Roberta:  (I tell John my mother’s maiden name, but how old-fashioned is that???)

John:  Thank you, Miss Roberta.  How may I help you today?

Roberta:  I am wondering why I was charged $43.00 for something called “foreign exchange rate fee”?

John:  I do not see this charge on your credit card.

Roberta:  It was charged to my debit card.

John:  I’m afraid I only deal with credit card issues.  I will now transfer you to a customer service representative who specialises in debit card issues.  Please stay on the line.

Roberta’s internal dialogueOMG! WTF?

Really bad background music plays for a few minutes…

John:  Thank you for waiting, Miss Roberta.  I have explained your situation to my colleague, Jane, who will help you.  Thank you for calling XXXX Bank and have a wonderful day.

Roberta’s Internal Dialogue:  Well, it started out wonderful but is rapidly going downhill…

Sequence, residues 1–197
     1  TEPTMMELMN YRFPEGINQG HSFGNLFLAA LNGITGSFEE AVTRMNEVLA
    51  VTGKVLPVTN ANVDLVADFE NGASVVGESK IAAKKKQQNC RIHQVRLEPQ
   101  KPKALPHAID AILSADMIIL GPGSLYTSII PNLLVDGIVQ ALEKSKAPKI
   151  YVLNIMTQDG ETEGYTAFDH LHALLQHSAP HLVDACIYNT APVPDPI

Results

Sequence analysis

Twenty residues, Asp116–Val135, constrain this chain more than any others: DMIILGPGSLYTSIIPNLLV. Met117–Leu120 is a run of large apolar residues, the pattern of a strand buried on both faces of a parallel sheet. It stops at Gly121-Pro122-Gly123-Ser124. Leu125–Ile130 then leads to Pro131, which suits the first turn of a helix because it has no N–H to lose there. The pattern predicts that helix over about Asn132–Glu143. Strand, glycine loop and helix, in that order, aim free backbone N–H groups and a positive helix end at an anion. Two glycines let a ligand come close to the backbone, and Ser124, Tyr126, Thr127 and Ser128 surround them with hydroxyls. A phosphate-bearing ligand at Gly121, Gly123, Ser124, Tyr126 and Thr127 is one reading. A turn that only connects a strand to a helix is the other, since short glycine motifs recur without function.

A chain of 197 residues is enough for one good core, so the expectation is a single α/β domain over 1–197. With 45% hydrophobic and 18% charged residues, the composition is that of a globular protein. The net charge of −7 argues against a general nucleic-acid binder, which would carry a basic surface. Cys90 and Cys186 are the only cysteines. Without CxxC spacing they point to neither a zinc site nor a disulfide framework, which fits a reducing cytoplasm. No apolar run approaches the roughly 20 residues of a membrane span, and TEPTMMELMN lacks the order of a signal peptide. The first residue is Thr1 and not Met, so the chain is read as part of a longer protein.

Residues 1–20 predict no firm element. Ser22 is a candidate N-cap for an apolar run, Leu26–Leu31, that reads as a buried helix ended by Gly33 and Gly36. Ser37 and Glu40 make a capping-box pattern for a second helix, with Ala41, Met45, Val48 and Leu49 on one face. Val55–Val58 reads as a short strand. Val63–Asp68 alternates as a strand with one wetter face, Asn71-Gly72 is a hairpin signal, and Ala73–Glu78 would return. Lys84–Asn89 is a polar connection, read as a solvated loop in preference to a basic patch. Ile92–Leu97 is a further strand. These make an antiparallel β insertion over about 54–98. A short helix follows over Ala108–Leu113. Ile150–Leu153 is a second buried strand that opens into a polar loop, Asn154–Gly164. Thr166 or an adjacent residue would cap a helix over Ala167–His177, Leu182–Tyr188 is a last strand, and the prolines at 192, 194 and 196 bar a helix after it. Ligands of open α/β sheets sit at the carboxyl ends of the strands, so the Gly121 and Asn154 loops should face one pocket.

Jane:  Hello.  My name is Jane.  I am here to help you.  May I have your first and last names and your mother’s maiden name?

Roberta’s internal dialogueOMG!  WTF?

I feel it is important to note that (1) this bank HAS MY MONEY; (2) this bank USES MY MONEY WHEN I AM NOT USING IT; (3) this bank MAKES ME PAY TO USE MY MONEY; and (4) a reliable consumer magazine RANKS THIS BANK HIGH ON CUSTOMER SERVICE.

Why can’t banks be more like Lexus dealerships? (see Buying a Car in Texas – Part III (finale))

 

 

 

 

 

14 thoughts on “America The Difficult

  1. Multiply that by dozens…each insurance company, product service question, help desk, public office, etc., etc. and we are supposed to be a productive nation…